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ABOUT ME:  To begin, hello and thank you for making this connection or re-connection.  I am a first-time father at forty-something, practicing Emergency Physician (aka E.R. Doc), Medical Director & Chief of Emergency Medicine, ultrasonographer, master teacher and master student, photographer, novice filmmaker, one book writer, hyper-localism entrepreneur: real estate developer, historic rehab of award winning Viroqua Public Market, co-creator of farm-to-fork Optimo Restaurant (now transitioned to new chef/owners as Rooted Spoon), and dot-dot-dot over-user.... passionate about engaging in the moment by moment evolution of our impermanence. Key outlook on life:   healing is not a destination, but daily practice

I grew up where I now live, after a 20 year right of passage... middle Driftless Earth, Viroqua.  Current sanctuary to many a used-to-be wandering soul.  Here, finally, I seek and I provide, I heal and I breathe.    

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F E A T U R E D   F I L M S

 

Music Video Short: Work & Wisdom

By the band Soul Music

 

 

Music Video: Elephant Love (version 1)

Original works by the band Soul Music

 

 

F E A T U R E D   P H O T O G R A P H Y

An assortment of my photography our beloved Driftless Area and beyond.... 

Entries in Zombies (1)

Sunday
Nov172013

Sad analogy of invasive honeysuckle to the zombie apocalypse. 

Sad analogy of invasive honeysuckle to the zombie apocalypse. 

I don't watch much TV, but I have been addicted, as many of you are, to the Walking Dead series on Netflix. 

In the show, humans are infected with an unknown pathogen that destroys higher brain function, leaving us biting, nearly indestructible soulless creatures that wander the Earth in hordes, guided only by our brain stems. 

When defending yourself against a pack of these (who seek to dine and you alive) the only means to terminate them is to take out their brainstem. Of course, as you try to take them out, they try to take you out as you do. 

Even as limbs, mandibles and other appendages are cleaved and cracked, lopped and falling away, they still keep at you with their grizzly dentition and grasping festering nails hoping for a shot to tear into your subclavian vessels or eyeballs as you hopelessly observe your certain demise or at least incredible maiming in horror. 

When I'm in the forest, standing alone, armed only with a lopper, machete and chainsaw, I often gasp at the volume of invasive honeysuckle that surrounds me, envelops me, smothers me. 

They seem to approach like an army of mindless zombies, hell-bent on my tortuous death. It's me or them to the end. The odds are with the zombies that they will endure, consuming my flesh and soul, assimilating me into their death cult.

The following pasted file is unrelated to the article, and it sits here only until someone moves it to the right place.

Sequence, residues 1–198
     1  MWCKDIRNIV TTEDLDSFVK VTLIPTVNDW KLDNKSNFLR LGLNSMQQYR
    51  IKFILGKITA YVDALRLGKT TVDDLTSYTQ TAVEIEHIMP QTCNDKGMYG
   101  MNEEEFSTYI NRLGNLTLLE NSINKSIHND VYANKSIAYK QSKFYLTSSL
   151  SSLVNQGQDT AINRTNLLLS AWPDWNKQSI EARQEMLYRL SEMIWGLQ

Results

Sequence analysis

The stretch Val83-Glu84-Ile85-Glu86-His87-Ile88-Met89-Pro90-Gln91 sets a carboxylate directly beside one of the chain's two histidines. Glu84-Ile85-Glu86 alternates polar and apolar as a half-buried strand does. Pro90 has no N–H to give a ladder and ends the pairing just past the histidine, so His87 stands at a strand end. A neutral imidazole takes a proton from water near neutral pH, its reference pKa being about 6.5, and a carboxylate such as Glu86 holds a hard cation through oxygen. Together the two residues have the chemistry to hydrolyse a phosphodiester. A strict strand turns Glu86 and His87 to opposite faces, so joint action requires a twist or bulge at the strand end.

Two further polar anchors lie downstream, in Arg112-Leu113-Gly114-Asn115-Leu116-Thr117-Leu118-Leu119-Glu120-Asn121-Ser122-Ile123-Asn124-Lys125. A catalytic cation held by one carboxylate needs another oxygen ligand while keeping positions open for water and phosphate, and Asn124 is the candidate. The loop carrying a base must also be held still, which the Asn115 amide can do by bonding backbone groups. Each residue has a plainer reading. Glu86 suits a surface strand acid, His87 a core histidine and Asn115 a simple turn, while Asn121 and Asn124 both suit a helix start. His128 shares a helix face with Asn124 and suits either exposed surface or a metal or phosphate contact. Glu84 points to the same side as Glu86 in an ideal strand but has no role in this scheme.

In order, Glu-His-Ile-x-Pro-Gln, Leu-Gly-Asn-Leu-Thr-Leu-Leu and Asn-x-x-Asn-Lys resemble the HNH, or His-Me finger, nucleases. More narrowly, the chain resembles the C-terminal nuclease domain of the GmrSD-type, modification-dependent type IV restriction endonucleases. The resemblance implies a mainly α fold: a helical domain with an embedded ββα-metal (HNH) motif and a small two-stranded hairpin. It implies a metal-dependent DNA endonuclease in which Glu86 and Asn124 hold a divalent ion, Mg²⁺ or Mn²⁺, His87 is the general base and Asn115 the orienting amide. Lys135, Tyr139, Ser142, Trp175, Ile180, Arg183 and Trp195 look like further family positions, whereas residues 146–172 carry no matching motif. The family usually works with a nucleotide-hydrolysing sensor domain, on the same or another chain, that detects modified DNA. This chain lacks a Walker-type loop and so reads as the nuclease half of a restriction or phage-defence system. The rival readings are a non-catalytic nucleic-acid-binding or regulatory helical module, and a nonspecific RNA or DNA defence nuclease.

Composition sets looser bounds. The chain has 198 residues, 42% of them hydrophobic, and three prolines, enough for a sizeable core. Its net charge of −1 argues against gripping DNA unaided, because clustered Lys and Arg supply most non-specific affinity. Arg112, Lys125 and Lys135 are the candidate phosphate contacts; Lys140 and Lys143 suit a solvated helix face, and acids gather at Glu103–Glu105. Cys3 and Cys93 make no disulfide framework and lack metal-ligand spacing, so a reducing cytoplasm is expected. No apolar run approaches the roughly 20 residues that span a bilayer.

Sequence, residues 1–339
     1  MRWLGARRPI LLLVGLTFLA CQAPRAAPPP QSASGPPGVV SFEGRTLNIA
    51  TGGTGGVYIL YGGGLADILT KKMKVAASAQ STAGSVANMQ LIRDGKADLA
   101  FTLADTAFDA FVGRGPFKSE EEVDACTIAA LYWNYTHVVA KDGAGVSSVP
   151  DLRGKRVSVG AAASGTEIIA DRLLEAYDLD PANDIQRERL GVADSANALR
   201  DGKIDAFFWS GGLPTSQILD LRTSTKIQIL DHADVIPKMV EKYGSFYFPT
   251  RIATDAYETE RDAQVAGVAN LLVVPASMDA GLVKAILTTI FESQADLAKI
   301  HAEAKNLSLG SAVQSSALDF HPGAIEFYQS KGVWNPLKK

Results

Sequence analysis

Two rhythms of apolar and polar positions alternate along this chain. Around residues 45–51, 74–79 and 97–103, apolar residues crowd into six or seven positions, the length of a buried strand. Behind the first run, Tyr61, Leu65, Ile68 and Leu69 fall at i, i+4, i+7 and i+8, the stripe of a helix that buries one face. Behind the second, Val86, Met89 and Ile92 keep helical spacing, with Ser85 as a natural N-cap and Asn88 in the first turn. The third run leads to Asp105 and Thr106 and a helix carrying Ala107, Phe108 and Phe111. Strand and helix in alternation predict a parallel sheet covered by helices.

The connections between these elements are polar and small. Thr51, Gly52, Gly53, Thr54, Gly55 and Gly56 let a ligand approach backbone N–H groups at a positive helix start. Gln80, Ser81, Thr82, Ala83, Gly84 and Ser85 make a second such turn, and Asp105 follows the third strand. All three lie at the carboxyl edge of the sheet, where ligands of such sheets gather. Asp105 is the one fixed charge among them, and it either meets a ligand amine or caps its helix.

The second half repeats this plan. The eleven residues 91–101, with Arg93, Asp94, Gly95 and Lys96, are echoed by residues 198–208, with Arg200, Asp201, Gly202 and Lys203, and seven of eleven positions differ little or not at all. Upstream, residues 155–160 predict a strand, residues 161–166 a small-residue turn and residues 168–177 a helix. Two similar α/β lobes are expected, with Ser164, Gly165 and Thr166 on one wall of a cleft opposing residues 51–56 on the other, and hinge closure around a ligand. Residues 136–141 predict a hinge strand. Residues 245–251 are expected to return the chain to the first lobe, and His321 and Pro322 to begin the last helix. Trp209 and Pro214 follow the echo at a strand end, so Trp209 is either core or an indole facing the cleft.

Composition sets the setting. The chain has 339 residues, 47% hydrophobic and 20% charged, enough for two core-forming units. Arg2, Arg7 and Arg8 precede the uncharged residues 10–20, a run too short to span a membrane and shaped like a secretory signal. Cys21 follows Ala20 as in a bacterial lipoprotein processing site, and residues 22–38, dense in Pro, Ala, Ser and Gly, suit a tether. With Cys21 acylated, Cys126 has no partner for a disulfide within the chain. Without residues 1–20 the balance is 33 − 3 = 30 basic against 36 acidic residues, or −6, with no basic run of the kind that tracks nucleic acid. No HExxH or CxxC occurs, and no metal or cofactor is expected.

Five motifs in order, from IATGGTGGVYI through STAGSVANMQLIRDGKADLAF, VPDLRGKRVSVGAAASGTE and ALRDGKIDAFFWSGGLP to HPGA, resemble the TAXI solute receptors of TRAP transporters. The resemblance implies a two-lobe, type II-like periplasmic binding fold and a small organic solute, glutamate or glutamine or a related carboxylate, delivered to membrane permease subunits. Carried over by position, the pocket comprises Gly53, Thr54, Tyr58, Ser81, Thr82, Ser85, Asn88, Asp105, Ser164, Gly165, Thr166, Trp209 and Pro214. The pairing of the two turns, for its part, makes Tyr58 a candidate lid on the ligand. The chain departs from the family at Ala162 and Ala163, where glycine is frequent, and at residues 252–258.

They feel no pain, they require little care, they easily dominate and amass the precious Earth energy, sapping life from the natural world around them. 

The challenging things about honeysuckle eradication, horrifyingly, even after you take some out there are many more, infected seedlings, waiting to grow up and replace the deceased. Is it possible to really ever eradicate them? What am I doing in this dark forest alone? Are these contusions and near death events wasted in my futile battle against the endless undead. My pathetic delusion that there is hope of eventual headway. 

Moreover, the more you disturb them, snap, pull, push, and saw into them, the more their brains tells them to grow. Unless you kill it, these efforts actually makes the organism stronger. 

I have to remember, you have to assault the brain. 

My strategy is simple, attack each one individually. Commando up to it and rapidly fracture it's extremities. Rip it's mouth leaves from it before it can chew into me. Penetrate deeply into the skull, and crack out the brain (its relatively delicate root ball) like a soft-boiled egg, again the only means to kill it for good.

Of course it's not that easy. Countless times, after launching my combative efforts, they never go down easily. They try to enucleate my eyeball with their pointy limbs, choke my air in strangleholds, puncture my heart and lungs, as they go down in our desperate death matches.

Sometimes even after their seeming death, as I push them into grotesque piles, accidentally falling upon them, they attempt one last maneuver to have me join them, as I plummet into their infinite sharp edges.

Finally, with some degree of temporary relief, I watch boastfully as their fetid corpses burn. 

But alas, the foolish reprieve is brief, for as I turn to prideful stroll back to camp, I walk straight into another rotten, chewing tangle of them. 

My invasive zombie apocalypse.

Now, where are my loppers!?